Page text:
Stop and Frisk: A New York Controversy

Stop and Frisk. I’m sure you’ve heard about it but I doubt you’ve personally experienced it or really even thought about how it would feel. Imagine you’re walking in your neighborhood, hanging out in a park, just talking to your friends. All of a sudden a police officer walks up and informs you he needs to pat you down and search you right where you stand. If he doesn’t find anything illegal on you, you can go back and continue doing what you were doing. If he does find something illegal, you’ll be arrested on the spot. Why can the police officer do this? If you’re in New York: because you were acting “suspicious”. That’s it, no other reason is necessary for an officer to invade your privacy and put you through such a traumatizing and humiliating experience. I know there is a time and a place for stopping and frisking a suspect, but I think the New York policy goes too far and oversteps the boundaries of what stop and frisk should be.

New York law says police can stop and frisk any person they observe with “furtive” movements or “suspicious” behavior in order to reduce crime and gun usage in an area. This means a person can essentially be stopped anywhere anytime in the city. Needless to say this leaves a lot of power and discretion with individual policemen, making it much too easy for an officer to abuse this policy and indiscriminately stop people. Or worse to start stopping people based on their race instead of on their behavior. It is this racial problem more than anything that has led to outrage and protests in New York City, which culminated in a march on Father’s Day of several thousand demonstrators. People feel that the police unfairly target minorities to the point that they have created a feeling of martial law in some areas of the city. And with the way the policy has been implemented, they’re right.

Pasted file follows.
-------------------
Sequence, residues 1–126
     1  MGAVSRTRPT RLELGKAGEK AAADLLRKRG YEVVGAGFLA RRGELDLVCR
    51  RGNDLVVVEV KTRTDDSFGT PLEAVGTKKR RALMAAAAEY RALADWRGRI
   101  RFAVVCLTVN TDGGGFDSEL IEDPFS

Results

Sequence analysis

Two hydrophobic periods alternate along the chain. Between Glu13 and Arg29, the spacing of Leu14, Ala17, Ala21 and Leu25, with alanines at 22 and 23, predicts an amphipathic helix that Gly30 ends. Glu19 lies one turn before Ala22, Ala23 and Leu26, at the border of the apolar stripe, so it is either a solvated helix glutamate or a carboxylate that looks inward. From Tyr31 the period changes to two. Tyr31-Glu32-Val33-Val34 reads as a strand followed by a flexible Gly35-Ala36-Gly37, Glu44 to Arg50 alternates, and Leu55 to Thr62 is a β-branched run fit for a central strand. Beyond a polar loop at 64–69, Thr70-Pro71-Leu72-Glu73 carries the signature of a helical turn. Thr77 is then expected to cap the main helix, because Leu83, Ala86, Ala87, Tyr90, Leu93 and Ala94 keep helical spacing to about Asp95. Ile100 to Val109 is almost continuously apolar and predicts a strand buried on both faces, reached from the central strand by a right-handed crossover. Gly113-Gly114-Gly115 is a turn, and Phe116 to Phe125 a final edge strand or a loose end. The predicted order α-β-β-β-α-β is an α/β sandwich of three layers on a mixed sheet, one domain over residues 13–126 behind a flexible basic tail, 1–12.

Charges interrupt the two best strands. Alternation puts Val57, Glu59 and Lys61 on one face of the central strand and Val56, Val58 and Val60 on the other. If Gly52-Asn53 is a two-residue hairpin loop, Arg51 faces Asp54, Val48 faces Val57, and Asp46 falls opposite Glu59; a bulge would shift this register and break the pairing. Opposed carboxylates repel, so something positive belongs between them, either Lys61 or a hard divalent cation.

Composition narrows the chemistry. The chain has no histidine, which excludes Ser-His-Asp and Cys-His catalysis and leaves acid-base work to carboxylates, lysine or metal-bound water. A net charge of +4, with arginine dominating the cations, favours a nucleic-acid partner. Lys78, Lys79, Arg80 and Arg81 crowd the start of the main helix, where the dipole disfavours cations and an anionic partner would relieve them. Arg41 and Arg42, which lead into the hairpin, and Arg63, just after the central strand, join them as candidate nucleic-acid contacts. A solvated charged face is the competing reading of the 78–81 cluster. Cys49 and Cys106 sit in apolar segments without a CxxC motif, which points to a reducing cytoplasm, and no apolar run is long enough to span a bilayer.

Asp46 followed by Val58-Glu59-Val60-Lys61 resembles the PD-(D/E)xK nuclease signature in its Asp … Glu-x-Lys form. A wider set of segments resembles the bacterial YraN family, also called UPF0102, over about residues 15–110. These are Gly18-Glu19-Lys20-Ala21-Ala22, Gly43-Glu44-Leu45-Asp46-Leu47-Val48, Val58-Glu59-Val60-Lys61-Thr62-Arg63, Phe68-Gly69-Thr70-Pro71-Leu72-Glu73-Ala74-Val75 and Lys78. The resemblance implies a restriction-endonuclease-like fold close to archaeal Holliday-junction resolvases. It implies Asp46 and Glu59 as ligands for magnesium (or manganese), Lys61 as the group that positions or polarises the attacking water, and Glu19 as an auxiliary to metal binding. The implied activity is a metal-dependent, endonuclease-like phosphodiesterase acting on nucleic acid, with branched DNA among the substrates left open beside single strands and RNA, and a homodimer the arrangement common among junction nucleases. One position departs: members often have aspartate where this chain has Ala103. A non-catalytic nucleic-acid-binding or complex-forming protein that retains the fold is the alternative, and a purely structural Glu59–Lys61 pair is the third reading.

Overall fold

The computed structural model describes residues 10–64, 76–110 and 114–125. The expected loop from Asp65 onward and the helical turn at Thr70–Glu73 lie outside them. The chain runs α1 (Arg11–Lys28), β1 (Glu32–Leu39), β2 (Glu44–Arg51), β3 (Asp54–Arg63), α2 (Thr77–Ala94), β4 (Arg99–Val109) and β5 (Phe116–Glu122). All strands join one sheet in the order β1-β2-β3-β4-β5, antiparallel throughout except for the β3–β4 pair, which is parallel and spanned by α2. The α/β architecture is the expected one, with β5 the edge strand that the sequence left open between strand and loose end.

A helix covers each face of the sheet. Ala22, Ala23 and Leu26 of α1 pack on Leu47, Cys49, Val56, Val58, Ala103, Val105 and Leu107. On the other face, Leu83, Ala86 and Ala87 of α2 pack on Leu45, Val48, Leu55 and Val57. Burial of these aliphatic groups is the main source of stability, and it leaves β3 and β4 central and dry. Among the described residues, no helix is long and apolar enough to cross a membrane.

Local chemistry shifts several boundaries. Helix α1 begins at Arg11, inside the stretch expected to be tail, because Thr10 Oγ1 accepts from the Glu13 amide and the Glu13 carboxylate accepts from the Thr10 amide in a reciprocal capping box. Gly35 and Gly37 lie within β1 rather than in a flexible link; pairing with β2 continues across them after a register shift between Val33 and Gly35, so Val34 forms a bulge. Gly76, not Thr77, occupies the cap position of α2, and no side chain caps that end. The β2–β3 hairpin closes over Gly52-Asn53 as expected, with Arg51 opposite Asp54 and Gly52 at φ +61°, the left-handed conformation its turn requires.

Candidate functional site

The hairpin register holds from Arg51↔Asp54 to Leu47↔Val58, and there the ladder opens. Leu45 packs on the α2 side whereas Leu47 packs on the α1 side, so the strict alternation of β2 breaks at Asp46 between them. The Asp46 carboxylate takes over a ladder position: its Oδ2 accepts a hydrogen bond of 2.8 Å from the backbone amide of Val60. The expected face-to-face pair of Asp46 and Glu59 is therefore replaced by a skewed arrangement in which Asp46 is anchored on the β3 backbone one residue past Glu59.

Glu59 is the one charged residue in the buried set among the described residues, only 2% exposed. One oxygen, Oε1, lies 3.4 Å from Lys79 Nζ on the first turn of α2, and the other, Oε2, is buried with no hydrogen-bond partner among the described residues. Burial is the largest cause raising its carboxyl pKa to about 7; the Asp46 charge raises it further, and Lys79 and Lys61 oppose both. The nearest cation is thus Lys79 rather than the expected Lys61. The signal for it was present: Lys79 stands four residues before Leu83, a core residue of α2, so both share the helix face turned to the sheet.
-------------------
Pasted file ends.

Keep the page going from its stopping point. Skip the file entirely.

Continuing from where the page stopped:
Mayor Bloomberg of course denies that police officers use racial profiling when they exercise their right to stop and frisk. I’m sure the mayor and most of the officers really do believe that when they say it. But it is essentially impossible to guarantee that race doesn’t play into their decision making on some level. Even if an officer is not consciously racist, psychological studies have shown that many people still have an unconscious bias against minorities. Which means that a law like New York’s stop and frisk will inevitably result in racial disparities in stoppage rates. When police have to work on off of “hunches” and don’t have to provide evidence for their suspicions then they can do whatever they wish and allow all their potential prejudices to influence them. The law needs to be reworked so that is no longer the case. People should not be at a greater risk of attracting police attention just because of their race. It isn’t fair to them and violates their rights as residents of this country.

Stop and frisk hasn’t proved to be particularly effective, with only 10% of stops resulting in arrests or summons. So there is no reason to continue implementing a policy that does at least as much harm as good. Why not turn to other more effective methods of gun control instead? The state could put more money into educational programing for kids. Or copy Illinois and Washington and introduce more transparency in the policing system to restore people’s faith in the police department. It would be better for everyone to implement a system that encourages people to support and work with the police rather than one that creates animosity and distrust. Of course officers should continue to have the ability to pat down a suspect if they have a legitimate cause. But this should be used as a method to protect themselves not as gun control. New York City has a responsibility to protect all its citizens and their rights and their policies should reflect that. Stop and frisk should be fixed so that EVERYONE is safe and treated equally.


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